In general, the method chosen by the artists participating in the exhibition is a variety of contextual operations. For example, a woodcut of the first metro in New York by the Baltic German August Daugell has led Taavi Talve and Sten Saarits to the humorous idea of staging Estonia's first metro in the 21st century in the exhibition space at Kumu. In addition, it is in harmony with the idea of the exhibition as a momentary stop on an art historical-underground railway.

Kirke Kangro and Jacob Jessen have brought out of the sculpture collection of the museum almost all the realistic full figures with characteristic details that distinguish them as workers (except for a few pieces, which needed restoration). Presenting these on spinning pedestals and in front of a green screen instead of up on a heroising plinth removes the Soviet era figures from their ideological context and ensures the potential for a multitude of various new perspectives. Ironically, the spinning base is also a reference to the arduous production process of traditional sculpture.

Merike Estna has removed the traditional conventions of painting from the still life and cast it in the modern context of eco-activism. As Eha Komissarov explains, due to Pallas and the post-war years, a large number of still lifes can be found in the 20th century collections of EKM that were produced according to similar or even overlapping approaches: "The appeal of Elmar Kits' famous paintings of flowers is largely down to his painting technique, but inspired by the cut flowers, Estna introduced the subjects of death and destruction, which have had a great impact on various 20th century ideas."4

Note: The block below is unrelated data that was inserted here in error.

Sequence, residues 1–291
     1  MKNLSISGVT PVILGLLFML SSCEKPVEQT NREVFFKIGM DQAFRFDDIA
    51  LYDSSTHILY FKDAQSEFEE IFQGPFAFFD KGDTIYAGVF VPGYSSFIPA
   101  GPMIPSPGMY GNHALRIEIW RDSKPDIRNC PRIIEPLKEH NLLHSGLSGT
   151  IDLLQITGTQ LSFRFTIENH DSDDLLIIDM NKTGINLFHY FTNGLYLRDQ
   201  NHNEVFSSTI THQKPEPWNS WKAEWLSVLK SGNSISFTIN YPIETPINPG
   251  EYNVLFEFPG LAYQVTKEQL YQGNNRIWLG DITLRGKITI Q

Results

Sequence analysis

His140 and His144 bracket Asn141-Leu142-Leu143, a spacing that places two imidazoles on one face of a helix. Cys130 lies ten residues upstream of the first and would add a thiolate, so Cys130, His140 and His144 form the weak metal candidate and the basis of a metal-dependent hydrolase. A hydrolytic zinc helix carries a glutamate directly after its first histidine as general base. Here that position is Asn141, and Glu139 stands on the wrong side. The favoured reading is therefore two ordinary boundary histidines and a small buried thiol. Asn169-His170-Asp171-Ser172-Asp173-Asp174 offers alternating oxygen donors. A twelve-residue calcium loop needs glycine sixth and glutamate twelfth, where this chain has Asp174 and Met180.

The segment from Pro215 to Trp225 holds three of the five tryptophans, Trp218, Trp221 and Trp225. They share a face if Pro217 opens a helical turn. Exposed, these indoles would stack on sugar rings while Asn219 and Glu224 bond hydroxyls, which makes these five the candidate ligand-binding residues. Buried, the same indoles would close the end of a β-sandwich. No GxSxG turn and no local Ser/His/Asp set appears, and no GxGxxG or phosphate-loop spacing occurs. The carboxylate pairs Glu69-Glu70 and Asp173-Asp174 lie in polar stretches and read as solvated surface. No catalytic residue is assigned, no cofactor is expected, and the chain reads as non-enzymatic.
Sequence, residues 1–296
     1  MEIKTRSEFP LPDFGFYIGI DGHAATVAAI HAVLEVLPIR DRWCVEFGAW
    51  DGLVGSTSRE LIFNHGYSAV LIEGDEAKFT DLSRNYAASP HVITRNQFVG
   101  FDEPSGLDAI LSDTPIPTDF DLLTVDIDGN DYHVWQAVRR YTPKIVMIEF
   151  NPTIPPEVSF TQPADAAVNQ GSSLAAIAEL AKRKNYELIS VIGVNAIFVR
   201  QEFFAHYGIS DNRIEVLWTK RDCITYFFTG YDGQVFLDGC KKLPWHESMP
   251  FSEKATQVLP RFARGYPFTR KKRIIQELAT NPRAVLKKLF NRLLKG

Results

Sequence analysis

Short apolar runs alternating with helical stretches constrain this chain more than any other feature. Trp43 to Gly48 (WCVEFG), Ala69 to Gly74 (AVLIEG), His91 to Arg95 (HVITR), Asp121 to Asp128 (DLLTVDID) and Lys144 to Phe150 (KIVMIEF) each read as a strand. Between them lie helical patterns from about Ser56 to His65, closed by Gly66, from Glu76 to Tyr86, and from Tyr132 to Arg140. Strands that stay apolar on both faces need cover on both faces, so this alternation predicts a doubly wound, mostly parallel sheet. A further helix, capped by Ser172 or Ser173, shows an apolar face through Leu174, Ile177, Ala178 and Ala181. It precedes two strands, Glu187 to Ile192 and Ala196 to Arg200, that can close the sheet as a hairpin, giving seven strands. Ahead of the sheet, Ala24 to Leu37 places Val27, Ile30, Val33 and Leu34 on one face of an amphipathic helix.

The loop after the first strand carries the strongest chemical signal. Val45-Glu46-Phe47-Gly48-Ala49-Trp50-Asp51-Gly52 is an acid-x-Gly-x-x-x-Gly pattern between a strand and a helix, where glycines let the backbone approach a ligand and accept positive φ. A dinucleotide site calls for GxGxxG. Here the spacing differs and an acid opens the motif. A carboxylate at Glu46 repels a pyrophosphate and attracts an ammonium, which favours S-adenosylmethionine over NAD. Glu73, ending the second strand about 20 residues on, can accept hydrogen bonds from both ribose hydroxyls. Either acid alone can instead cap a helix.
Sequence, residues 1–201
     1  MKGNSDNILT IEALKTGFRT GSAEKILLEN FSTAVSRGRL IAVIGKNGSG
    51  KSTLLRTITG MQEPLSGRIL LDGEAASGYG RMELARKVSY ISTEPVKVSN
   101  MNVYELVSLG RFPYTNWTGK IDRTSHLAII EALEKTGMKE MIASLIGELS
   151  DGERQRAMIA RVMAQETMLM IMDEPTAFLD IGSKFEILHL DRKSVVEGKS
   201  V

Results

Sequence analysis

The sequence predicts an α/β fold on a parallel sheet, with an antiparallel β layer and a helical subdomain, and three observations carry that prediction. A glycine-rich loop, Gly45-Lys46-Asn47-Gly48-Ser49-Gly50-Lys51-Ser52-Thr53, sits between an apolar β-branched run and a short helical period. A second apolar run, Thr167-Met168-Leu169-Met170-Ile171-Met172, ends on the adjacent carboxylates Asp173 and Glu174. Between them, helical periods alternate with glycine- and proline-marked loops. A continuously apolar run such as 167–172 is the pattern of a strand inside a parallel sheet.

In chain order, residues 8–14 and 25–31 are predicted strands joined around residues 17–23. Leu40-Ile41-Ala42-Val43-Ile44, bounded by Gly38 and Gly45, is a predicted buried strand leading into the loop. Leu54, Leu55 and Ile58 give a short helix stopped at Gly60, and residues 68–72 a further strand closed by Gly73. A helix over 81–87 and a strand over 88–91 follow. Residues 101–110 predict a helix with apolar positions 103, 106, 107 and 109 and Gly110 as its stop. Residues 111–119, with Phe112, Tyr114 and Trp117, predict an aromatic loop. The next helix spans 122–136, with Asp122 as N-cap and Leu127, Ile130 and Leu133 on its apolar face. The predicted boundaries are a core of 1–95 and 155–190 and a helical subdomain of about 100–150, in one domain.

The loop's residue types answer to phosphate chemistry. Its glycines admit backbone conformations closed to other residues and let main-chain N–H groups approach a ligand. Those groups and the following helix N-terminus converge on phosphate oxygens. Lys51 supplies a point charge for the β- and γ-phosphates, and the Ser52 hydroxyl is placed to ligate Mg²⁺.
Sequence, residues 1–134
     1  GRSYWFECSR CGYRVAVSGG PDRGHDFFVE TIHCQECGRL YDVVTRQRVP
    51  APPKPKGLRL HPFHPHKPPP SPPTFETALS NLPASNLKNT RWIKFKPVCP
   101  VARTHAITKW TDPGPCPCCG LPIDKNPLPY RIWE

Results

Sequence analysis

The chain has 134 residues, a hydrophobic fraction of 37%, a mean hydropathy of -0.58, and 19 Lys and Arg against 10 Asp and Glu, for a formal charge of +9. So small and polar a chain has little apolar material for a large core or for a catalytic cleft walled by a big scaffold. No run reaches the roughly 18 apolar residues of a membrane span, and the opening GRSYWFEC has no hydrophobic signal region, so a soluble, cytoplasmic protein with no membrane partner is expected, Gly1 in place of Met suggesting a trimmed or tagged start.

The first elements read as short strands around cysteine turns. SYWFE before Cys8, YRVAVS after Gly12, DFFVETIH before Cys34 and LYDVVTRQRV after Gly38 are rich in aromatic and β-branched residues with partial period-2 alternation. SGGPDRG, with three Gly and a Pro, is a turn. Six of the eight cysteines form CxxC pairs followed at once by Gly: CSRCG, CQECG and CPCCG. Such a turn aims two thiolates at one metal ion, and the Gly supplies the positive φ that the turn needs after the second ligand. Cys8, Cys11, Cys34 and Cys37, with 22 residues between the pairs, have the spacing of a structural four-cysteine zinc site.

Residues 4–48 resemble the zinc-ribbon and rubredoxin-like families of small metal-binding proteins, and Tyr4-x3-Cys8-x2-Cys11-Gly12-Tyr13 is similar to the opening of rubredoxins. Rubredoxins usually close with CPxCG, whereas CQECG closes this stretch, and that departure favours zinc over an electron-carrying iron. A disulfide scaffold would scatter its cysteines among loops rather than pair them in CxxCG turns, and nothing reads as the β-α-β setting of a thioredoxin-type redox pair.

Incidentally, Estna's dialogue with the skeleton motif and the still lifes of Elmar Kits, Nikolai Kormašov and Leili Muuga can be seen as disclosing the genre as "dead nature", thereby, as a reference to the Christian lesson concerning everything earthly being transient and temporal. That said, I cannot refrain from noting that Kits' "Flowers" (Lilled, 1945) has never triumphed as such vibrant and lush flora as it does in Estna's composition.